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State Senate committee to take up set of transparency bills, SOS says they don’t go far enough

 Michigan Capitol building in Lansing, including a tree.
Emma Winowiecki
Michigan Radio
The Michigan Capitol building in Lansing.

A state Senate committee will take up a bipartisan set of government transparency bills Tuesday. But Michigan’s top elections official says the bills don’t go far enough.

Secretary of State Jocelyn Benson oversees the state’s financial disclosure laws. She says bills to require more disclosure by state lawmakers and the governor’s office are better than the status quo. But she says “dark money” donations should be banned, and lawmakers should have to report outside sources of income.“They ensure that we know not only what our leaders say they are doing, but what they are actually doing,” Benson said in an online news conference. “Transparency requirements also reveal potential conflicts of interest that could help guide us in holding our lawmakers accountable.”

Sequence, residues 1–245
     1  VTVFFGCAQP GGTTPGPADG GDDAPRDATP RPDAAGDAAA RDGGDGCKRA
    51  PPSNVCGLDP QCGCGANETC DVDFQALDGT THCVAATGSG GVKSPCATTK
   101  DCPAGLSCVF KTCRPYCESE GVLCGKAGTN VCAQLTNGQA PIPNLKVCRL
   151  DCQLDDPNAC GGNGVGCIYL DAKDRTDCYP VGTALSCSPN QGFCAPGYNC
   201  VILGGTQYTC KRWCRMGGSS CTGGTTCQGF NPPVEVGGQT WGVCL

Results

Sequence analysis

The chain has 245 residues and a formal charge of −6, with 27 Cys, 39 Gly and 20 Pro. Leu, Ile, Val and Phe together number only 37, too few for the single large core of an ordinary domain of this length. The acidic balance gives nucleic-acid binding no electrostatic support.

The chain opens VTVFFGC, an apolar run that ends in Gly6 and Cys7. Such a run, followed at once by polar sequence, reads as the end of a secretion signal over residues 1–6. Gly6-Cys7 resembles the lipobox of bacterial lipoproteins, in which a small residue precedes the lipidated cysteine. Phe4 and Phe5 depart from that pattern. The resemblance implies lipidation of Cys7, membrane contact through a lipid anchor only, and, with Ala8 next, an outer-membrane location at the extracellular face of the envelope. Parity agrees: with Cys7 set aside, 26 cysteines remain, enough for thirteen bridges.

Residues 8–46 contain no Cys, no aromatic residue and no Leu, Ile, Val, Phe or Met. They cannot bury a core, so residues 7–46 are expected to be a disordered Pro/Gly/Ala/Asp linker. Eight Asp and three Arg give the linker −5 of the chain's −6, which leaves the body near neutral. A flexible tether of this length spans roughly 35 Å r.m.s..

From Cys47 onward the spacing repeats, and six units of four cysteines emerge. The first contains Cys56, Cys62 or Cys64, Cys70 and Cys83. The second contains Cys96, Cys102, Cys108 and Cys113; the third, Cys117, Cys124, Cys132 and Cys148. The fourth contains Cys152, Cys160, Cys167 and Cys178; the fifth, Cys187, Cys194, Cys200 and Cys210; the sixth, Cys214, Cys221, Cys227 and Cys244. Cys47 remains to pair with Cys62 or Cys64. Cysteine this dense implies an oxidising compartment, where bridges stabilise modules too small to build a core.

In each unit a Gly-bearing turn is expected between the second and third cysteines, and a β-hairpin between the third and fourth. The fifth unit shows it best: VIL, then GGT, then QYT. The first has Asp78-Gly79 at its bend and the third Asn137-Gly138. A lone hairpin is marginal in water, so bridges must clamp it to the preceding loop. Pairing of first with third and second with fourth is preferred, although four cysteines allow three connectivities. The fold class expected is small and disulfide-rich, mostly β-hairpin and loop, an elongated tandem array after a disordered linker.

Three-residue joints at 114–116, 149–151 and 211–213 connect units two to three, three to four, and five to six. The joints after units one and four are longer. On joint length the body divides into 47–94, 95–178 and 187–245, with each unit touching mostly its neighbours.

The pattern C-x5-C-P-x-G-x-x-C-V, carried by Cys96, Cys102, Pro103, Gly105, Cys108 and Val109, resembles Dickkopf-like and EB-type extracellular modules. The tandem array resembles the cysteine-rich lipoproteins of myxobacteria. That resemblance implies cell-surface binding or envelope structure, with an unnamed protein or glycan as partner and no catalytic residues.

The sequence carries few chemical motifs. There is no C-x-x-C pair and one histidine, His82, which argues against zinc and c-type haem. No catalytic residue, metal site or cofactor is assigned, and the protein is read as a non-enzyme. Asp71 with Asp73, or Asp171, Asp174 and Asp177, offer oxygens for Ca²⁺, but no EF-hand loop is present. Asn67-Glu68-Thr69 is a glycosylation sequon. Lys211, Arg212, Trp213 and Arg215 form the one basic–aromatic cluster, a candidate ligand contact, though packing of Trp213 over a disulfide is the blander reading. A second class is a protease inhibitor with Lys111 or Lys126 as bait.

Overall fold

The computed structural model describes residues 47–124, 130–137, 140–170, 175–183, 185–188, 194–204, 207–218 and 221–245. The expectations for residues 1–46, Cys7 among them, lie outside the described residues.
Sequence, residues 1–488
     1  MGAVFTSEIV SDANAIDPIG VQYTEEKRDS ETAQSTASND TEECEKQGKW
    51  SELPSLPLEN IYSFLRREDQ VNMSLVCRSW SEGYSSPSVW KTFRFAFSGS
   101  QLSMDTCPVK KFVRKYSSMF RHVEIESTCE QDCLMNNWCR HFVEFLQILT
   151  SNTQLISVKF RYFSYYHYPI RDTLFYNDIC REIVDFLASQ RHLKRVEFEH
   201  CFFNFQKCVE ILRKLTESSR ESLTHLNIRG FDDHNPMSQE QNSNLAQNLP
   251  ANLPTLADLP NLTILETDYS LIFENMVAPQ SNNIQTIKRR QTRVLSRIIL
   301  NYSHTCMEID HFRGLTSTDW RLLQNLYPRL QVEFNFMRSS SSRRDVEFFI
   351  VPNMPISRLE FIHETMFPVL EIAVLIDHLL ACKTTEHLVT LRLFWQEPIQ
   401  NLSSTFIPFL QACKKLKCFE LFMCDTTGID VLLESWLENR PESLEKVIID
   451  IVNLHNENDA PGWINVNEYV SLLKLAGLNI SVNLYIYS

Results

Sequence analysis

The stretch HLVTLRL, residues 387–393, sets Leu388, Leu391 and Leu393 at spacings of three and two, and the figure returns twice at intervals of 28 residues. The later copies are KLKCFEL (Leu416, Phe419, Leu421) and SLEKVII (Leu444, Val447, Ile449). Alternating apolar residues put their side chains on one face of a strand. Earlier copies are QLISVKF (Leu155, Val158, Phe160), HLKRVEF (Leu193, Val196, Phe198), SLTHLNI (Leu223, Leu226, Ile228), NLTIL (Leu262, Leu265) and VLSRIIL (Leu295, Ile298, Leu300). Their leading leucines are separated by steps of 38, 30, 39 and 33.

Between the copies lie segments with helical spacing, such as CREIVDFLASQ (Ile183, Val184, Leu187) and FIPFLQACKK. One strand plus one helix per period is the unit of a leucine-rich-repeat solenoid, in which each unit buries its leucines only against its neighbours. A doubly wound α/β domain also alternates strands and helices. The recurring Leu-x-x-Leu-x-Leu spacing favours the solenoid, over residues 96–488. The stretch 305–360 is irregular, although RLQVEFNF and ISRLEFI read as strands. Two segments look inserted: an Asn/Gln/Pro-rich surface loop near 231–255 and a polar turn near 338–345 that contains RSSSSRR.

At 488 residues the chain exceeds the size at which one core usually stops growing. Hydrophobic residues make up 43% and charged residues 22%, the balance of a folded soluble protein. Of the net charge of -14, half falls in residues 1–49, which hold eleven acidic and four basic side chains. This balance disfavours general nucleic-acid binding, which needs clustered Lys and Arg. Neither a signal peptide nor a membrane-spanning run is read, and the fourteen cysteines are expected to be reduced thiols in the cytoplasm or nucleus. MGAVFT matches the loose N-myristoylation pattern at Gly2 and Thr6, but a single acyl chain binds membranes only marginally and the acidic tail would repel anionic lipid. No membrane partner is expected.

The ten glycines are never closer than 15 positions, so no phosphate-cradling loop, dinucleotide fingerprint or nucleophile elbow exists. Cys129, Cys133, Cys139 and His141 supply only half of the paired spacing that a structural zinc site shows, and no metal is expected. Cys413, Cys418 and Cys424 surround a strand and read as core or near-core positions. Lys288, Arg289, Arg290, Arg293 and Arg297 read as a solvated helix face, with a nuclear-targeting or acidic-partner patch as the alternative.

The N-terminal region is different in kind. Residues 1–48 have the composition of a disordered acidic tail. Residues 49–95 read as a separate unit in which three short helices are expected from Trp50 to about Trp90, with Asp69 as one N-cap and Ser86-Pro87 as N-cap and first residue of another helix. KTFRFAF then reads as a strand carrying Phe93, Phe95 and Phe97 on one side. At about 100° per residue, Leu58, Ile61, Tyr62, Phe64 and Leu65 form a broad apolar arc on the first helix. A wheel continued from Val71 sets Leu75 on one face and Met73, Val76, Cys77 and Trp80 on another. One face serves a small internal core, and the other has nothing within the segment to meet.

Benson says the bills should also bar ex-lawmakers from working as paid lobbyists for at least two years after they leave office.

Benson’s priorities also include:

  • Require former lawmakers employed as legislative “consultants” to register as lobbyists;
  • Ban donations from business PACs and company shareholders with controlling interest from qualifying for state contracts.

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Rick Pluta is Senior Capitol Correspondent for the Michigan Public Radio Network. He has been covering Michigan’s Capitol, government, and politics since 1987.
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